The Rohingya people, who have crossed the border from Myanmar into Bangladesh since August 25, outnumbered the local people in Ukhia and Teknaf upazilas of Cox’s Bazar district, UNB reports.
According to the population census-2011, the total population of Teknaf upazila is 2,64,389 while that of Ukhia upazila is 2,07, 379, and the estimated Rohingya population stands at over 10 lakh, which is soaring every day.
Noor Alam, a local resident of Balukhali in Ukhia, expressed his deep concern over the increasing number of the Rohingya people.
Talking to UNB, a local businessman, Noor, said, “We’re afraid of the worst situation. We cannot comfortably lead our daily life for the huge movement of the Rohingya population. We never experienced such an influx in the area in the past.”
“We cannot enter our local markets due to overcrowding by Rohingyas. Besides, I’ve lost some of my ancestral land property due to the makeshift camp made for the Rohingyas,” he said.
Sirajul Mostofa, president of Cox’s Bazar district unit Awami League, said, “Rohingya population now stands at 11 lakh while the total population of Teknaf and Ukhia is only six lakh. It’s almost double of the local people.”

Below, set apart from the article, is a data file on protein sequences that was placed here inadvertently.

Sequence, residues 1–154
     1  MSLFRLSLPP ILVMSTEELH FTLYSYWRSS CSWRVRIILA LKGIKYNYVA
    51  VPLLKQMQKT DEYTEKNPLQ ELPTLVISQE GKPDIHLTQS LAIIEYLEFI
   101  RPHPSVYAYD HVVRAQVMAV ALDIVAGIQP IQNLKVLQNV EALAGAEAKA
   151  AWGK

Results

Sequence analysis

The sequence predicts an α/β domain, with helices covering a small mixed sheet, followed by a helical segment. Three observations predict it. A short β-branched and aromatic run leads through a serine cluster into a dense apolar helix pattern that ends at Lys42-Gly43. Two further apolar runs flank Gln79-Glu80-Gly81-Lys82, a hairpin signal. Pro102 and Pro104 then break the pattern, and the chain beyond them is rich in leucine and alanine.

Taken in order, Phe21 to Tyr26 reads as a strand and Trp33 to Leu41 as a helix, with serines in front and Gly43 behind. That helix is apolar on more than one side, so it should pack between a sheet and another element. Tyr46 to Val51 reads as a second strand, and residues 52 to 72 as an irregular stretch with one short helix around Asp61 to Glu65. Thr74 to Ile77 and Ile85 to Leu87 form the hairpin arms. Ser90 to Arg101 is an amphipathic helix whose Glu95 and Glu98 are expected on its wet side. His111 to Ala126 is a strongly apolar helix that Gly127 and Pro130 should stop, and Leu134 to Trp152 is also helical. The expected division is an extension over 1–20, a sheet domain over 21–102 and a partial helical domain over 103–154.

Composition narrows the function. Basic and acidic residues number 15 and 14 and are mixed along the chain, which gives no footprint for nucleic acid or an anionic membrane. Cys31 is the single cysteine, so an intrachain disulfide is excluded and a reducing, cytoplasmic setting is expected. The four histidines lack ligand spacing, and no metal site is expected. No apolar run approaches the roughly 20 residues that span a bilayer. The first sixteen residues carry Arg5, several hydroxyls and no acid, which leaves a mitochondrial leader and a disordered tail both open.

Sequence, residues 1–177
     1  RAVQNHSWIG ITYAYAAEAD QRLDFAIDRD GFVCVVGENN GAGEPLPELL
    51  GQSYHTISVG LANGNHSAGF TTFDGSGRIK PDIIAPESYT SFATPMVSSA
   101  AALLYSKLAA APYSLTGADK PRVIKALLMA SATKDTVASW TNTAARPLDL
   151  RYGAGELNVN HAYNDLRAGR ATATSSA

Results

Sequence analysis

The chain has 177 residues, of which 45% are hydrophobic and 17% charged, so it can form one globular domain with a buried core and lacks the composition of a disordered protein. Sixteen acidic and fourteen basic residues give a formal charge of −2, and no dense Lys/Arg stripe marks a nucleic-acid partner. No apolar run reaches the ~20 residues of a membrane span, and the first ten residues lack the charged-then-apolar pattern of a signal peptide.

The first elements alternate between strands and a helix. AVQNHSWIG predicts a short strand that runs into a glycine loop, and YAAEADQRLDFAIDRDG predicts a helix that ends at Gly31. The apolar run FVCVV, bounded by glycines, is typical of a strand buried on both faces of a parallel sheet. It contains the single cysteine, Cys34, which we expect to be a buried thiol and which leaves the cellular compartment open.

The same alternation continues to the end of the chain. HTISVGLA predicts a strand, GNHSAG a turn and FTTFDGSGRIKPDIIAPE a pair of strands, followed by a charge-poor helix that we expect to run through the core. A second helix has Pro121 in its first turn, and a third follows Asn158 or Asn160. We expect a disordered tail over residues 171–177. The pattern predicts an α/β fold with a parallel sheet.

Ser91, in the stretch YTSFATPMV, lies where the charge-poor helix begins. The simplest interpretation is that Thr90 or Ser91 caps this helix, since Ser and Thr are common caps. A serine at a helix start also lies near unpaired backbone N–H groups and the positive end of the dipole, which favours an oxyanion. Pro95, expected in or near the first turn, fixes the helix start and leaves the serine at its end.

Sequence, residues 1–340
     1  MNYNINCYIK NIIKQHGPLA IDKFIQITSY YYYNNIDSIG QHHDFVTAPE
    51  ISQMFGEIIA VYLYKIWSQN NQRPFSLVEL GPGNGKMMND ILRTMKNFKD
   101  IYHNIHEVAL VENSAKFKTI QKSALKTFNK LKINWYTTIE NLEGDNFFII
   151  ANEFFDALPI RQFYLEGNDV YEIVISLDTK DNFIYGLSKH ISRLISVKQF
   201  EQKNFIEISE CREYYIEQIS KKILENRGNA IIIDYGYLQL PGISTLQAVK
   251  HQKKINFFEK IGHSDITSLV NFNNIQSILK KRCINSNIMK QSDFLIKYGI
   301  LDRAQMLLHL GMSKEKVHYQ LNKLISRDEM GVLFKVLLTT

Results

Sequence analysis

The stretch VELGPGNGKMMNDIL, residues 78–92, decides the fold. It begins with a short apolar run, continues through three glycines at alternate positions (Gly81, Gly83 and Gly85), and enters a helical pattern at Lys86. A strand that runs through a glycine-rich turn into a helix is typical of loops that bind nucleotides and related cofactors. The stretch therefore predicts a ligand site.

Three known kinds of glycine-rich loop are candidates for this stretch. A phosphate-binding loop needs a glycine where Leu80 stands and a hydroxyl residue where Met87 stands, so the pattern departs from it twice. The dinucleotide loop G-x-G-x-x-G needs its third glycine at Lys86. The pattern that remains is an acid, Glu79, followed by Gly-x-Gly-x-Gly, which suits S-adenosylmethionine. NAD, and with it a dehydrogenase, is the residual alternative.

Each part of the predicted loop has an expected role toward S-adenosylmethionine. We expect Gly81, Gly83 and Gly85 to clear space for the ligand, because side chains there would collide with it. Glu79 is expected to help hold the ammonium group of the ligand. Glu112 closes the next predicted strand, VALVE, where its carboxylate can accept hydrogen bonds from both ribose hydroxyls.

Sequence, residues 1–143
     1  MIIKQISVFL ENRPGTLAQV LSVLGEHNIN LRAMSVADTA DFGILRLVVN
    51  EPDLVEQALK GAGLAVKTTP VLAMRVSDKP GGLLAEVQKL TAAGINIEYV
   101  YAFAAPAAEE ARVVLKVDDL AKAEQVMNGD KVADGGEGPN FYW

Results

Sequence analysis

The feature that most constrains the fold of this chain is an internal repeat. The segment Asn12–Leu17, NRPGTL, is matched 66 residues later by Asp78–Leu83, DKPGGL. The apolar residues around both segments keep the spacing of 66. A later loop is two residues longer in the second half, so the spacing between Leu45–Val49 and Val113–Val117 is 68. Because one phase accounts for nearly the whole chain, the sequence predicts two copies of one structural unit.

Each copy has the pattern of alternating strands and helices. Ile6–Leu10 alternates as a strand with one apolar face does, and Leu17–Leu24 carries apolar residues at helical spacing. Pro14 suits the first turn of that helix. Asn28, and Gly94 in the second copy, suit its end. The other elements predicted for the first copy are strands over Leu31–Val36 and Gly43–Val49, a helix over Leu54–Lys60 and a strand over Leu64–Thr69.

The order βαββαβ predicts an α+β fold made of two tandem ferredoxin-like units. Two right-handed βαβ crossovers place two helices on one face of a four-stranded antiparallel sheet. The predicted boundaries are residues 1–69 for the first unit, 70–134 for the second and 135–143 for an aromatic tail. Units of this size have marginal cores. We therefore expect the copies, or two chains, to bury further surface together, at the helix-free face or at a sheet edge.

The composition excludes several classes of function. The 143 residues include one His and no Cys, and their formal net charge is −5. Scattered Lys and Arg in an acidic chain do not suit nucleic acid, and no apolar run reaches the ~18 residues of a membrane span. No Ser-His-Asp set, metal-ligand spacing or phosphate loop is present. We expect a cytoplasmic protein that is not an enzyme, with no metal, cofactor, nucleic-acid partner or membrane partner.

Pointing finger at the aid agencies, Mostafa said, “The makeshift camps of the Rohingyas have severely affected our normal life and privacy. Our many infrastructures are being used for providing various services to them.”
He urged the aid agencies to concentrate also on the local people.
Noting that the Rohingya influx has become a serious problem for Cox’s Bazar and the whole Bangladesh, he demanded the government take necessary steps to restrict their movement and relocate them to Bhashanchar as soon as possible.
Saikat Biswas, a representative of International Organisation for Migration (IOM), said, “The international donor community has committed more than US$344 million to meet the needs of the most vulnerable Rohingyas.”
He said the money will also be spent on building roads, schools, madrasas and other infrastructures around the Rohingya camps.
Six UN agencies — UN High Commissioner for Refugees (UNHCR), IOM, United Nations Children Fund (Unicef), United Nations Population Fund (UNFPA), United Nations Food and Agriculture Organisation (FAO) and World Health Organisation (WHO) — are directly involved in the relief operations here.
Of the organisations, UNHCR has been working here since 1992 while IOM and Unicef since 2013 and 2015 respectively.
More than 10 lakh Rohingya people, mostly women, children and elderly people, have fled persecution in their Rakhine State, Myanmar since August 25 last and crossed over to Cox’s Bazar seeking shelter.